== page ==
Film ‘This is not Dying’ records everyday scenes from Māori community

Film ‘This is not Dying’ records everyday scenes from Māori community
Yareah Magazine

Aotearoa/New Zealander Nova Paul’s film This is not Dying records everyday scenes from around her family Marae and Māori community, in the north of the North Island. Her practice is embedded in the languages of early cinematic and experimental filmmaking, and this 16mm, optically printed film uses the analogue process of three-colour separation. The beautiful, multi-coloured effect produced by this process mediates Paul’s relationship to her subject. She explains: “Like water that follows well worn paths along a river, channels of colour trace around significant places to my family”.

Nova Paul’s film This is not Dying

Nova Paul’s film This is not Dying

Bright auras also radiate from people, such as young men riding motorbikes, and those eating a meal together and swimming in the springs. Their bodies become blurred, ethereal and ghostly, as distinct passages of time are recorded through red, green and blue filters, and then overlaid together. Multiple moments appear at once through tones that shift and merge, building a floating world of multi-coloured tenses.

Through Paul’s unique approach to filmic storytelling, Neoliberal structures are prised apart to present more promising possibilities. A sense of optimism is heightened by the film’s exquisite soundtrack, which is performed on steel and slide guitars by kaumātua (elder) and famed Aotearoa Māori Show Band figure Ben Tawhiti. The improvised traditional NgāāPuhi song has moments of whistling and humming, adding to a blissful serenity and feeling of nostalgia.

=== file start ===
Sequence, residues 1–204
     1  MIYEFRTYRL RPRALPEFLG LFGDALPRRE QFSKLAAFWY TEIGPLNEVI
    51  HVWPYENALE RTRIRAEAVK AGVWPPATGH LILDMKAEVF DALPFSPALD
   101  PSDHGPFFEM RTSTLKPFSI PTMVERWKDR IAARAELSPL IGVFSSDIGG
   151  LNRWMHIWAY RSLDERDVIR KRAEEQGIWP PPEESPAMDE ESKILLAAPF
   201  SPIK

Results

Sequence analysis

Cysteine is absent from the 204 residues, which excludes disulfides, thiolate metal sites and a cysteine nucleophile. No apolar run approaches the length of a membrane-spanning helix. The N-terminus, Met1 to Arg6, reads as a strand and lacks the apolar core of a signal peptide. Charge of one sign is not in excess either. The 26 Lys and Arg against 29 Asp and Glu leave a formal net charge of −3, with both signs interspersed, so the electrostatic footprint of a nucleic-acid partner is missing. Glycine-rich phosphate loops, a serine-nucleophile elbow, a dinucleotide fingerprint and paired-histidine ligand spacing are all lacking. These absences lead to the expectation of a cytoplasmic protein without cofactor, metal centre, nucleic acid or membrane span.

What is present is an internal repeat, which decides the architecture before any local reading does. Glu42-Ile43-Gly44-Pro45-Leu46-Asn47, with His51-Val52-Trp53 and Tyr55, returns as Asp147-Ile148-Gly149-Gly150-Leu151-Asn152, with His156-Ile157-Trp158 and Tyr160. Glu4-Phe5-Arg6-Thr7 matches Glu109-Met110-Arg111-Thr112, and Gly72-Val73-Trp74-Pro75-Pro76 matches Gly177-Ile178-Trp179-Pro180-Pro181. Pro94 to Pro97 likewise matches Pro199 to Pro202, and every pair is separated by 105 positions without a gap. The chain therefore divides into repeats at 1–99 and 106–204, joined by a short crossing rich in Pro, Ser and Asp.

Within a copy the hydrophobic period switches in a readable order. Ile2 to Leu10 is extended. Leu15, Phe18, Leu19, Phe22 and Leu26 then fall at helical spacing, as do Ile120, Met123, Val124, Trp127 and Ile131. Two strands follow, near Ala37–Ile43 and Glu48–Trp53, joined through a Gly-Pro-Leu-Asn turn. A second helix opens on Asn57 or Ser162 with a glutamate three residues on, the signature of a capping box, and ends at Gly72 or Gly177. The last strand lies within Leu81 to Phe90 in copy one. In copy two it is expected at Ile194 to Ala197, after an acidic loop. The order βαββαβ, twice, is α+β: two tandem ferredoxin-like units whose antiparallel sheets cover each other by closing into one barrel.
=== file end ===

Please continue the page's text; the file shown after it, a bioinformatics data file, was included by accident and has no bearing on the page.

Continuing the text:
This is not Dying looks to the past while engaging the present: its communities, technologies and politics. In so doing, Paul walks us into a different future, perhaps opening up a space to consider how communities based on traditions of Te Ao Māori can help navigate the pitfalls of a fragmented and globalised era.

This is not Dying (2010) has featured in numerous international screenings, including Recontres Internationale, George Pompidou Centre, France (2011); Rotterdam International Film Festival(2011); and New Zealand International Film Festival (2010). Paul’s earlier three-colour separation work, Pink and White Terraces (2006) has also toured widely, including at the Whitechapel Gallery (UK) and in the Whitechapel Gallery Artists’ Films International program at the Venice Biennale (2013). Her most recent film Still Light (2015) screened in the Rotterdam International Film Festival (2016). The publication, Form Next to Form Next to Form (2012) consists of stills from This is not Dying (2010), and won the 2013 Most Beautiful Book in Australasia Award. Paul is a senior lecturer at AUT University.

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